This campaign season has seen a number of politicians caught embellishing their military records — but this is a new one. The Denver Post has forced Colorado Republican gubernatorial nominee Dan Maes to back off his claim that he once worked undercover with the Kansas Bureau of Investigation on a drug and gambling case.
So what exactly did Maes claim? As the Post reports:
A statement he wrote on his campaign website that was later removed said: “At one point in my 2 years there I was place (sic) undercover by the Kansas Bureau of Investigations (sic) to gather information inside a bookmaking ring that was also allegedly selling drugs. I got too close to some significant people in the community who were involved in these activities and abruptly was dismissed from my position. I was blindsided and stunned to say the least.”
Maes did work as a police officer in Liberal, Kansas, from 1983 to 1985. But Bob Blecha, the director of the Kansas Bureau of Investigation, told the Post the agency has no record of working with Maes. Blecha said it was possible Maes worked with agents on small matters, like any ordinary officer. Rick Kistner, who was the chief of police in Liberal when Maes was an officer, said he did not remember Maes, and did not remember an investigation of the kind described by Maes.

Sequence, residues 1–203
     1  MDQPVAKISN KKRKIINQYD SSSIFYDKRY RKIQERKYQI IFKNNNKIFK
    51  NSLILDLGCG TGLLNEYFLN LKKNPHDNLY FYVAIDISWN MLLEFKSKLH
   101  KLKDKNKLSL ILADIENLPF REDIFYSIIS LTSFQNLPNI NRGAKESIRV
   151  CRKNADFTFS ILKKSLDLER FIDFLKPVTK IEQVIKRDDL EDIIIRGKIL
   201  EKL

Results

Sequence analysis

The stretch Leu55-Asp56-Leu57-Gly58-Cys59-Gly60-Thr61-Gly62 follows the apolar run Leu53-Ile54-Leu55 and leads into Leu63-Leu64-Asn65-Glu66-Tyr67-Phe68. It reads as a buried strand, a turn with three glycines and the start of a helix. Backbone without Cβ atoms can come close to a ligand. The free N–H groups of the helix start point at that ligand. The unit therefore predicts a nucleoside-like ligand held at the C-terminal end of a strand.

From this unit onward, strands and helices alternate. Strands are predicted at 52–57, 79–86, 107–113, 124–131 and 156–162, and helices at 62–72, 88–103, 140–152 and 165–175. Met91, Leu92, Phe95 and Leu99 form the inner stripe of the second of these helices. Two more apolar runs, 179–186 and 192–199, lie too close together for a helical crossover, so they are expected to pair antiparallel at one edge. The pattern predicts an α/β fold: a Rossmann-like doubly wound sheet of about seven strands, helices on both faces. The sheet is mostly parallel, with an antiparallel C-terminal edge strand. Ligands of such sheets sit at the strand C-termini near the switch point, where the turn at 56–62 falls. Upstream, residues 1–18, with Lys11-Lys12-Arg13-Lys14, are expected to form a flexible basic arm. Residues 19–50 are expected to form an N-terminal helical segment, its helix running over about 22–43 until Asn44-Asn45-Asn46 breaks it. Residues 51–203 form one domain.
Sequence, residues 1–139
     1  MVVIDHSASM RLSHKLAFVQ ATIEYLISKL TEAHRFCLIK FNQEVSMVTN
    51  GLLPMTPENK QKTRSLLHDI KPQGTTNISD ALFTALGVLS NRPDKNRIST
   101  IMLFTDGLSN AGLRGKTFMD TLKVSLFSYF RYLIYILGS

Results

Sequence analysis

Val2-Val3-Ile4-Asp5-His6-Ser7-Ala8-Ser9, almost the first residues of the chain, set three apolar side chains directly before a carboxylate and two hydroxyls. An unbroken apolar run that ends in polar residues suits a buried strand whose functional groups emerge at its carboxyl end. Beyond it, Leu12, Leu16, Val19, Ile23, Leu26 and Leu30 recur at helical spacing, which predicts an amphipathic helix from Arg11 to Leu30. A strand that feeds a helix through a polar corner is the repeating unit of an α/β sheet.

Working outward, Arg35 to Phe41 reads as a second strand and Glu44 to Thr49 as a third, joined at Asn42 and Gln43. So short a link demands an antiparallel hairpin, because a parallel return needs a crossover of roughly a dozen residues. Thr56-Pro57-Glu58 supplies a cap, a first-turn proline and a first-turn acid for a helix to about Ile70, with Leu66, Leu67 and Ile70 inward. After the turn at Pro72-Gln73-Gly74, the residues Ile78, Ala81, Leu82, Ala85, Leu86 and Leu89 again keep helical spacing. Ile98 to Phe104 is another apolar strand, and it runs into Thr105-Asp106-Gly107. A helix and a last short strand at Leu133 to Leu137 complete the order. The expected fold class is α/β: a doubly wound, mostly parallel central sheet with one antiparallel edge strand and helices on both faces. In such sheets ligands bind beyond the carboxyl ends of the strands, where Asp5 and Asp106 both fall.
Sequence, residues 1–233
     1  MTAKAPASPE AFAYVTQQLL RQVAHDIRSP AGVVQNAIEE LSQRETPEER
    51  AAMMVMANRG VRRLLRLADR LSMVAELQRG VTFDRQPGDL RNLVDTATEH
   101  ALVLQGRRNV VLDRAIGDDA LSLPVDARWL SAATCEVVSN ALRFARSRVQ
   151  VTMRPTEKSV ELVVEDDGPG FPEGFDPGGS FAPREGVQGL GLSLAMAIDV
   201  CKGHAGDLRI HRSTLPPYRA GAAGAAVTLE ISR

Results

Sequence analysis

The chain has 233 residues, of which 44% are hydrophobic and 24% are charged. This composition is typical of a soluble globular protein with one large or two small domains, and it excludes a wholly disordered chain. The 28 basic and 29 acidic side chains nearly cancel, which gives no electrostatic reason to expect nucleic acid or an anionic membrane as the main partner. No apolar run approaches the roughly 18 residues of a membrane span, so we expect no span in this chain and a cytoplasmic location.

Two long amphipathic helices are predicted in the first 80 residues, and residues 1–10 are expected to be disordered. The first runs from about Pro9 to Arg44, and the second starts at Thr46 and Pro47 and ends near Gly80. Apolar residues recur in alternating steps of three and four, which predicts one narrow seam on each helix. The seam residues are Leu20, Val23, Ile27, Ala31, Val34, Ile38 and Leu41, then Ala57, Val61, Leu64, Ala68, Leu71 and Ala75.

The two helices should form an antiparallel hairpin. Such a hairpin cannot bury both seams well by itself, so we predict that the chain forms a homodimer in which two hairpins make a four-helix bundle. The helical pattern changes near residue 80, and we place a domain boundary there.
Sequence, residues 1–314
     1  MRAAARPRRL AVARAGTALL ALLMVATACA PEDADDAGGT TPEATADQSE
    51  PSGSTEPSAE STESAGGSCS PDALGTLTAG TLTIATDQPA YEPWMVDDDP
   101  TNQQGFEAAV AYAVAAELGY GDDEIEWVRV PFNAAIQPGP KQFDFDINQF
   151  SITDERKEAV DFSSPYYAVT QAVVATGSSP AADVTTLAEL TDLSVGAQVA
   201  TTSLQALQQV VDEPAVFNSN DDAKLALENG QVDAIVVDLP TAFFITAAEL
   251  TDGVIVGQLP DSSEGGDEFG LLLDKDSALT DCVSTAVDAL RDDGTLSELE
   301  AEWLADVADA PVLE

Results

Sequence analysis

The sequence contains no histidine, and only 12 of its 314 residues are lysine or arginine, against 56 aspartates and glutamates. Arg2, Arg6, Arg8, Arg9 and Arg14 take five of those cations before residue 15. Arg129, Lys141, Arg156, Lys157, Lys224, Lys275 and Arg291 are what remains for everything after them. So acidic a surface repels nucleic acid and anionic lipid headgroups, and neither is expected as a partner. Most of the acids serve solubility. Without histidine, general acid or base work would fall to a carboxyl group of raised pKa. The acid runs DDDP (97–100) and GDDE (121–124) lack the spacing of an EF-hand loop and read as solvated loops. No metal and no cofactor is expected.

After law enforcement officials in Kansas shot down Maes’ claims, the Post asked the candidate to produce records backing them up. He said he could not.
“This was 25 years ago,” Maes told the Post. “It’s just not worth covering that much. It’s a nonissue.”
“Those comments might have been incorrect comments,” Maes said.
Who wrote them on the website?
“Whoever typed it, typed it. That’s all I’ve got to say,” Maes said, before referring questions to his campaign spokesman.
Later, his spokesman, Nate Strauch, confirmed that Maes had written the comments.
Read the rest here.
The TPM Poll Average for the Colorado gubernatorial race shows Maes (30.8%) trailing Democrat John Hickenlooper (41.9%), but leading third-party candidate Tom Tancredo (12.2%).
Late Update: Maes spokesperson Nate Strauch tells TPM that the campaign “completely disputes” the Post’s story.
“We stand by the facts,” Strauch said. “He was asked by state authorities to provide intelligence.”
“Just because they don’t have a record of it, doesn’t mean it didn’t happen,” Strauch added.
Eric Lach is a reporter for TPM. From 2010 to 2011, he was a news writer in charge of the website’s front page. He has previously written for The Daily, NewYorker.com, GlobalPost and other publications. He can be reached at ericl(at)talkingpointsmemo.com